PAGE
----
Seen the HD 5970 in stock somewhere? Hit the jump and post a link.
Whoever is the first to market with a next-gen handheld tablet will have accomplished what's becoming a tremendous feat: shipping the freaking thing. Michael Arrington insists that his CrunchPad hasn't entered the realm of vaporware, and Apple still continues to deny the existence of its own tablet, which the most recent rumor says will ship sometime in the second half of 2010.
And then there's the Archos 9 PC Tablet, which went up for order on October 22nd, but is still a few weeks away from shipping, SlashGear reports. If you plan on picking one up at retail, expect to wait even longer. According to Archos, the 8.9-inch Windows 7 UMPC won't arrive in stores until sometime in the first quarter of 2010.
Archos didn't say what's causing the delay, and it will be interesting to see how the pushed-back launch affects sales. By the time the tablet ships, Intel will be churning out next-gen Atom chips, making the Archos' 1.1GHz Atom Z515 even more unappealing.
In what's turning out to be a game of cat and mouse, Apple last week disabled support for Intel's Atom processor through a Snow Leopard update, a tactic the Hackintosh community insisted would present only a temporary setback. They were right, thanks to a Russian hacker known as "teateam," who says he has restored support for Atom-based Hackintoshes running Snow Leopard 10.6.2.
"The problem originates in a revision to the kernel in 10.6.2. The changes Apple made to the latest mach_kernel removes support for [Atom] processors, leaving updated netbooks in a useless state," InsanelyMac member "blkhockypro19" explained in a forum post.
TeaTeam's hack appears to address the issue, though Jeff Porten of MacWorld warned that performing the crack is not something to be taken lightly.
"You'll need to roll up your Terminal sleeves for a few simple steps here," said Porten. "And, of course, replace the kernel of your operating system -- the fundamental code that underlies everything else in Mac OS X -- with a file you've downloaded from the Internet."
Not only that, but it's only a matter of time until Apple releases another update that, in all likelihood, breaks support again. Apple hasn't been sympathetic to the Hackinstosh community, and even went so far as to serve Wired.com a cease and desist order after the tech site posted a video with instructions on how to hack a netbook to run Mac OS X.
Asus said it was switching to Nvidia's Ion platform for future netbooks, and making good on that promise, the Eee PC maker on Thursday announced the Eee PC 1201N Multimedia Netbook.
Up until now, a multimedia netbook could be considered an oxymoron, if not a cruel joke, but that certainly isn't the case here. Pushing the boundaries between a netbook and notebook, the 1201N sports a 12.1-inch LED display and comes built around Nvidia's pixel-pushing Ion platform. That's great for graphics, but it doesn't stop there. Instead of the ubiquitous Atom N270 processor found in most netbooks, Asus equipped the 1201N with Intel's Atom 330 dual-core processor.
On the storage front, the new netbook comes with a 250GB hard drive and 500GB of online Asus WebStorage. The online storage space is provided for free for the first year, and after that, you'll have to pony up for a subscription plan.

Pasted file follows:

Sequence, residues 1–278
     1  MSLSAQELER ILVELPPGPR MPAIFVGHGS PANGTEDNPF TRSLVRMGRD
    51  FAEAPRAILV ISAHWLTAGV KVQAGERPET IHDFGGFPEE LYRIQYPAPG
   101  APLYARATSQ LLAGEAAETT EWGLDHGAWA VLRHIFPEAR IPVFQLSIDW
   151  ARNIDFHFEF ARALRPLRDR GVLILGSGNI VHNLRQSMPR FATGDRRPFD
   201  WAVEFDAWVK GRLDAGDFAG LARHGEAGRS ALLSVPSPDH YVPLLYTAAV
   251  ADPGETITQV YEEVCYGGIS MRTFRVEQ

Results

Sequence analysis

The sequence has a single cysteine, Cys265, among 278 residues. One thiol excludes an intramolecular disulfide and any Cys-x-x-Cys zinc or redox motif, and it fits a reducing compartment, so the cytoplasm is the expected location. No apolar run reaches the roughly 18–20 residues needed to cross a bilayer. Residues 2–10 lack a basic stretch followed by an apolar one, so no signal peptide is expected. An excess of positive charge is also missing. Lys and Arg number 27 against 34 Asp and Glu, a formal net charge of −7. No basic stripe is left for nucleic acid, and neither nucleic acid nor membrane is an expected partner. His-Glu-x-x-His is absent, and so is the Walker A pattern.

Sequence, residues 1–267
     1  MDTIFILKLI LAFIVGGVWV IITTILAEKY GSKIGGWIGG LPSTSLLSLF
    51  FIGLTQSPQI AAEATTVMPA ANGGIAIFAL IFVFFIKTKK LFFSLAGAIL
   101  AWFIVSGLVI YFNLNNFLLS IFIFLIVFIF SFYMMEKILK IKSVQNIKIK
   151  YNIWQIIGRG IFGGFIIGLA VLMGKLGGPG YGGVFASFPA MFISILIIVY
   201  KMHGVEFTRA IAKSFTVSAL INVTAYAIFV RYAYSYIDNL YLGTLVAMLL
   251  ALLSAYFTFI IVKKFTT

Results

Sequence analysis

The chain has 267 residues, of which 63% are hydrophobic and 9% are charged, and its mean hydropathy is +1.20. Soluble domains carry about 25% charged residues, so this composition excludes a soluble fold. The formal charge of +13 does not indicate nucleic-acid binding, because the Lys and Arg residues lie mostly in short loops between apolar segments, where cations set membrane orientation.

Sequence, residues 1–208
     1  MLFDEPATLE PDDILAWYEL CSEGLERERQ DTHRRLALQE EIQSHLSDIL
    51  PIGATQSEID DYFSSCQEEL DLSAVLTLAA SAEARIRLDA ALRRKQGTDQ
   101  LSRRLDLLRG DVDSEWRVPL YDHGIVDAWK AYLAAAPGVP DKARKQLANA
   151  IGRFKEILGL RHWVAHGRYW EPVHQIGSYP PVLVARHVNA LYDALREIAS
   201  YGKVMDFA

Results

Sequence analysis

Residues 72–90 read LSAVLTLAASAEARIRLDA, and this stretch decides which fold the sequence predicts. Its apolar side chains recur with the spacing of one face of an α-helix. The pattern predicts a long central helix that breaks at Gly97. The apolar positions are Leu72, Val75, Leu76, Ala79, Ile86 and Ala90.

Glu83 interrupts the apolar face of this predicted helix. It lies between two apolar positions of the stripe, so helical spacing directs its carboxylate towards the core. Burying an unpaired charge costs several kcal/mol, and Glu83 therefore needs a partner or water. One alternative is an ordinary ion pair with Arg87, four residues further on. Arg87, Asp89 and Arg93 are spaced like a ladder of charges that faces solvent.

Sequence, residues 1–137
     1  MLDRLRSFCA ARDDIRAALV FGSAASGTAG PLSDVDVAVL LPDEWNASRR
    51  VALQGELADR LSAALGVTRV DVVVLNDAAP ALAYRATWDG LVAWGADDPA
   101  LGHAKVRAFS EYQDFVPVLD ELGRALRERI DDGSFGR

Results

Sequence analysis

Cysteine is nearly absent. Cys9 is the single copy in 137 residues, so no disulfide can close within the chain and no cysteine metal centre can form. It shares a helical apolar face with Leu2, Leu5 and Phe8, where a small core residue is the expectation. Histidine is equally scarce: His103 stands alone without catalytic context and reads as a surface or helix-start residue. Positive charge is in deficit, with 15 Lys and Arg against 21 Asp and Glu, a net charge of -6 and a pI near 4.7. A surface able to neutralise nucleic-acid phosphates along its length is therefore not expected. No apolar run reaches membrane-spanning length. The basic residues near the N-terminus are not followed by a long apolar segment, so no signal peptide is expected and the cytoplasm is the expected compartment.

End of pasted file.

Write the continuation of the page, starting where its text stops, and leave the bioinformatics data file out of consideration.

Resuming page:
Other specs include 2GB of DDR2 memory, Wi-Fi, three USB2.0 ports, a 6-cell battery good for up to 5 hours of run time, and Windows 7.
Blu-ray has had the high-definition market all to itself for quite some time now, yet here we are still talking about the format's adoption rate. That's because pricing, for the most part, has kept BD players out of the living room, but according to Taiwan-based BD player makers, that's about to change. Kind of.
Sources say the average retail price for Blu-ray players will drop from $193 to just $77. Such a significant price drop would surely boost consumer demand, but there's a catch. While prices are coming down, such a dramatic decrease won't occur until 2012, still more than a year away.
On the desktop front, blank media is expected to come down in price as well. By 2012, the average retail price is expected to drop from $5 to $1.50, the same sources say.
A rising number of data flubs has caused some to question whether the benefits of cloud computing truly outweigh the risks, but is that really a fair assessment? The eggheads at Kroll Ontrack don't think so, who point out that the recent spike in data losses with corporate enterprises is simply the result of human error.
"While advanced storage options such as virtualization and cloud computing offer corporations storage optimization, human processes are still at the root of these solutions, instructing the technology as to how to perform," said Phil Bridge, managing director at Kroll Ontrack UK. "The complextity of these systems often requires a steep learning curve. With reported IT spending at a low, human error is increasingly common."
According to Kroll Ontrack, some of the biggest mistakes attributed to the human element include pulling the wrong drive while trying to pull a failed disk in a RAID array, accidentally deleting a business-critical database and restoring it with a corrupt or incomplete backup, attempting to force failed drives back online when rebuilding a bad array, accidentally deleting files, volumes, virtual machines, or a SAN LUN with no backup in place, and reformatting the wrong SAN LUN during a server migration.